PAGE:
9.5 Theses on Art and Class, by Ben Davis, editor of Artinfo, is both victim to and substantiated by Davis’s adamant worldview. Beginning with the Marxist-centric essays of the early chapters then expanding to more general issues facing the art world, the text saves itself from being an open-ended musing by framing each subject within its relationship to class ideology. This same ideology, however, leads him make some less than irrefutable claims—that all art criticism needs to consider politics or that political art is a lazy shadow of activism. As he writes: “ As a critical trope, ‘aesthetic politics’ is more of an excuse not to be engaged in the difficult, ugly business of nonartistic political activism than it is a way of contributing to it.”
As a collection of essays, 9.5 Theses is simultaneously diverse and thorough. Each chapter checkmarks an item on the list of problems facing the art world today, from women’s under-representation to the hipster aesthetic to the tension between conceptual artists and traditional artists.
Especially strong is Davis’s elucidation of contradictions embedded in “insider” perceptions of artistic culture. In the Chapter “Agony of the Interloper,” he discusses the film Waiting for Hockney, a documentary following the artist Billy Pappas as he creates his hyper-detailed replica of a Marilyn Monroe photograph by Richard Avedon. Pappas believes the drawing will skyrocket him into the upper ranks of the art world based on technical skill alone, but it is ultimately spurned by his idol, David Hockney. Davis calls this “both a testament to creativity thwarted and to creativity redeemed … because it [the drawing] is the product of a society that creates contradictions for how we view art.”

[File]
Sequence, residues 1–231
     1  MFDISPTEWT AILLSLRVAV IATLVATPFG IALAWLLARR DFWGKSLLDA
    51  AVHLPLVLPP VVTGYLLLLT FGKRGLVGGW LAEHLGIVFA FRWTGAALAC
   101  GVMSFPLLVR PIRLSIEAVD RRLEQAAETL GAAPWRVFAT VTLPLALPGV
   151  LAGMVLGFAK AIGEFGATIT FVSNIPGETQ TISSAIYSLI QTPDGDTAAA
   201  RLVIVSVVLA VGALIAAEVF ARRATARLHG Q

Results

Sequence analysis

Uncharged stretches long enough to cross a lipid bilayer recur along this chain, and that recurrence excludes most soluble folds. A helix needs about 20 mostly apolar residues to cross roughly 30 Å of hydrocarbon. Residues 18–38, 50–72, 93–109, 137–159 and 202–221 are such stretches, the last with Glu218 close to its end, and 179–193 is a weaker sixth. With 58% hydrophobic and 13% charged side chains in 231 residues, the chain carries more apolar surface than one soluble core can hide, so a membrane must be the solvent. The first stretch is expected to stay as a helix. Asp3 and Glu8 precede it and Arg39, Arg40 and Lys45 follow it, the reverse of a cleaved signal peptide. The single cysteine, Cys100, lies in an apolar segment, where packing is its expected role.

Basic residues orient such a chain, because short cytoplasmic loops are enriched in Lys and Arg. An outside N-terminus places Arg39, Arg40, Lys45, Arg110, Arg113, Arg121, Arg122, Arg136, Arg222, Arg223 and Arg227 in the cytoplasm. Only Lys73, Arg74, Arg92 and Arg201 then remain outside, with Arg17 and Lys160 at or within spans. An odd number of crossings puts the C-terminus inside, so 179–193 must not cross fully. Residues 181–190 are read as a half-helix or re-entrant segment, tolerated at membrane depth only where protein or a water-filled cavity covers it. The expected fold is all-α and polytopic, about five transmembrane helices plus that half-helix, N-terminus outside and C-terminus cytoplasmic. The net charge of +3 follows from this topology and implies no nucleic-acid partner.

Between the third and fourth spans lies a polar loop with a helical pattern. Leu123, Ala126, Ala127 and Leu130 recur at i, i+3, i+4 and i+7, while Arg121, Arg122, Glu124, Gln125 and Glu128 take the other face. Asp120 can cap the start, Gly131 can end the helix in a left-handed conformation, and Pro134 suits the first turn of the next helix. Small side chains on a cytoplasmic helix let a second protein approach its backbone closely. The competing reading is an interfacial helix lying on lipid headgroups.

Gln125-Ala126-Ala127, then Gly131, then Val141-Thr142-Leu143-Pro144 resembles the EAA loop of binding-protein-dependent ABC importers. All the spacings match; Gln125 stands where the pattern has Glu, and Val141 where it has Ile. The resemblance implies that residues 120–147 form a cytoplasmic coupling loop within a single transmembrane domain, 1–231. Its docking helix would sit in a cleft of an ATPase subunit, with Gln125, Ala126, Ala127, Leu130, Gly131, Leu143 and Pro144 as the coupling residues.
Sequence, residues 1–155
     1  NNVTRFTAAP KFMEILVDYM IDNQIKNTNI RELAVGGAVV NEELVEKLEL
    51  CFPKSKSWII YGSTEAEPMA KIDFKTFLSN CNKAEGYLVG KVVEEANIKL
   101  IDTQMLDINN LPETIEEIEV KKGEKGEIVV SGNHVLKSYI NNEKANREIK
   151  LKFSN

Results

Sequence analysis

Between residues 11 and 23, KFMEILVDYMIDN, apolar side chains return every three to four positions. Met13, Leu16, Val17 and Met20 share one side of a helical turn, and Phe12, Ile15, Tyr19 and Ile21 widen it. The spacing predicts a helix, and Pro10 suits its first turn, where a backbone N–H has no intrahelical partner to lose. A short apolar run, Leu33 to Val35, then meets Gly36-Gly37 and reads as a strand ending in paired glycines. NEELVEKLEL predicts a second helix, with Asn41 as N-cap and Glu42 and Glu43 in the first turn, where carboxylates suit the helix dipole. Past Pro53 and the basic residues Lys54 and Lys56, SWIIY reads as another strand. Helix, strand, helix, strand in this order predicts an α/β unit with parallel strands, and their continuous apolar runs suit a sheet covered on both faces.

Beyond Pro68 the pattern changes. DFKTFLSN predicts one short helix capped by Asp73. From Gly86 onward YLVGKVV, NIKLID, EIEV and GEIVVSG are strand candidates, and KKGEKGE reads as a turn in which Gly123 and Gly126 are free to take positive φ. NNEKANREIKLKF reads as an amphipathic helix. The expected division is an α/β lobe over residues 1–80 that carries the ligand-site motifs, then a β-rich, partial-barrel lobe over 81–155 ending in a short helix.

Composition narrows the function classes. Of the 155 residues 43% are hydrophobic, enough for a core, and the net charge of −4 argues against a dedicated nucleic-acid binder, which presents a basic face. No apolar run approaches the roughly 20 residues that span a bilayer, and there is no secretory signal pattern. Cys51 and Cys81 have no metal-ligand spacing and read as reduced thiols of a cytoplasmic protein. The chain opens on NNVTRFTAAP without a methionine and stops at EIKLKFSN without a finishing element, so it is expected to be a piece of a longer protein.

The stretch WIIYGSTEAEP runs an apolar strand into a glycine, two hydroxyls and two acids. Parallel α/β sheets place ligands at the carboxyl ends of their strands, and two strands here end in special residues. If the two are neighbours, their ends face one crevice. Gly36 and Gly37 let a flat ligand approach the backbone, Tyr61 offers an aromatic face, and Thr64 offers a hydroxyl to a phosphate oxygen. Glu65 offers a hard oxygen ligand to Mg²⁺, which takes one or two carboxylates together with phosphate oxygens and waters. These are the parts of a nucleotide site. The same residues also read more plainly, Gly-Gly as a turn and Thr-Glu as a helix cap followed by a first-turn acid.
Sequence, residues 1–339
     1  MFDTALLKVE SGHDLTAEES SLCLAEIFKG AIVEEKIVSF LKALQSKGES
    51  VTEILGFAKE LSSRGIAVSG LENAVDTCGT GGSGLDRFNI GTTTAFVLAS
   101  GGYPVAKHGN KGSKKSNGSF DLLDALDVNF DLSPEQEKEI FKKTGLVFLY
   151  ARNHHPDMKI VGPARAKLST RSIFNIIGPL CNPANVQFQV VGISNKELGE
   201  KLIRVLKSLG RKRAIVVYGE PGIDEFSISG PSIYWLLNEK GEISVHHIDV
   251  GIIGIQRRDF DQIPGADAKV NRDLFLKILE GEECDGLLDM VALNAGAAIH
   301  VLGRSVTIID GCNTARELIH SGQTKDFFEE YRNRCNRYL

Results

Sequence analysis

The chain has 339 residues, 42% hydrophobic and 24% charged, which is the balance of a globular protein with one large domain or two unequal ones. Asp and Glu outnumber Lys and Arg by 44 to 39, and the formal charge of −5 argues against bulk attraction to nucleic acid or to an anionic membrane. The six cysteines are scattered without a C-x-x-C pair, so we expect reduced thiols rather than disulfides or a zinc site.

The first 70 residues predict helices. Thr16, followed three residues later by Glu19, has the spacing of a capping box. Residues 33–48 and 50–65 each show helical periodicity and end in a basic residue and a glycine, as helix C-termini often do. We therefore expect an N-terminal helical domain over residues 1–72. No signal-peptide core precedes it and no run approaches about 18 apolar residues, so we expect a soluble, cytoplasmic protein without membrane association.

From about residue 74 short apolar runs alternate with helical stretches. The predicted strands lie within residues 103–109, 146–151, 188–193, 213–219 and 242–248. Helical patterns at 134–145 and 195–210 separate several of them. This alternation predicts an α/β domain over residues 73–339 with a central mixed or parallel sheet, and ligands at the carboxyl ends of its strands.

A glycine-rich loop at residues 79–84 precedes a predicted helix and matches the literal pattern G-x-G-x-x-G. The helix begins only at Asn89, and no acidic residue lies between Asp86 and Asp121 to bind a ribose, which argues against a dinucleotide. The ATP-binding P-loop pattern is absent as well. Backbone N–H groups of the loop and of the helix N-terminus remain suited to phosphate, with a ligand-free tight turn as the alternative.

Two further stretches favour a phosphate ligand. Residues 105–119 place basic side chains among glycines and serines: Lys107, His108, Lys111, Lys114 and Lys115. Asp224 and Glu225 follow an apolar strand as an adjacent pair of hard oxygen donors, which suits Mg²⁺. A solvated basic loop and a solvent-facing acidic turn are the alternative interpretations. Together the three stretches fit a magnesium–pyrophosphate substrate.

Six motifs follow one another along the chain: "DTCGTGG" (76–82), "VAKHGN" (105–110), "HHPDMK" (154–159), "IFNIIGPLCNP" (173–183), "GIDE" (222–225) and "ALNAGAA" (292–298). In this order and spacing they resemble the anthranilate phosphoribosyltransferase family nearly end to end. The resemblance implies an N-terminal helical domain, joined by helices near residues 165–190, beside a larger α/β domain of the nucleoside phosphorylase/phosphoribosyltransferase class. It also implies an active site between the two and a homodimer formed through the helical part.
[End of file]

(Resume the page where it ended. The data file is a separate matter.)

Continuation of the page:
Some of Davis’s claims, however, are a little less than airtight. In the chapter “Beyond the Art World,” Davis contends that the term “art world,” though convenient, is dangerous. I didn’t have much trouble agreeing with this, except that Davis jumps immediately from that to the idea that art and societal structure must be united. He begins the chapter with “Art is not a world unto itself. Art is a part of the world,” and quickly moves on to say that “you should approach art politically,” which, granted, “is not necessarily the same as demanding that art be political.”
Those qualifications are necessary, but this need for a political approach to all art nonetheless leads to the bigger fallacy that politics is a synonym for the world. Everything seems to be built upon the assumption that ignoring the role of politics is tantamount to isolating art to a constant reflection of itself. While I can agree that, when art ignores the world, it makes itself obsolete, this does not mean that art must concern itself with class relations.
Also, Davis claims that 9.5 Theses is written both for ”artists, writers, and other art lovers” and the “political audience looking, from the outside, for some kind of sympathetic guide to…contemporary art”, but I’m not so sure. It’s true that, as a text, it’s beautifully devoid of jargon. The language is pithy, the logic linear, and the points are illustrated in numbers and examples rather than left to blanket statements. However, though it may be perfectly understandable to a politically-minded person, there’s little justification for why such a person would care to read the text. We never learn why the art world is relevant to a lay reader. Davis could more explicitly say why political people should care about artists as citizens, even if it’s just that artists are part of the workforce.
That said, everyone would benefit from reading the eponymous “9.5 Theses on Art and Class” pamphlet, chapter 3 in the book. Using clear, linear logic, the pamphlet spells out Davis’s view of a better artistic culture (e.g. “3.0: Though ruling-class ideology is ultimately dominant within the sphere of the arts, the predominant character of this sphere is middle class” and “5.0: The idea of ‘art’ has a basic and human sense on which no specific profession or class has a monopoly”). That it was a valuable text is undeniable: it actually allowed me to understand what Davis means when he talks about the artist’s struggle within their class.
If nothing else, 9.5 Theses is absolutely worth reading. Even where Davis did not win me over to his way of thinking, he certainly forced me to strengthen my own. None of what he writes can be immediately discarded. Furthermore, Davis avoids the major Marxist pitfall of starting with some utopian ideal; instead he focuses on how people can behave today, offering productive, applicable insights, rather than starry-eyed dreams.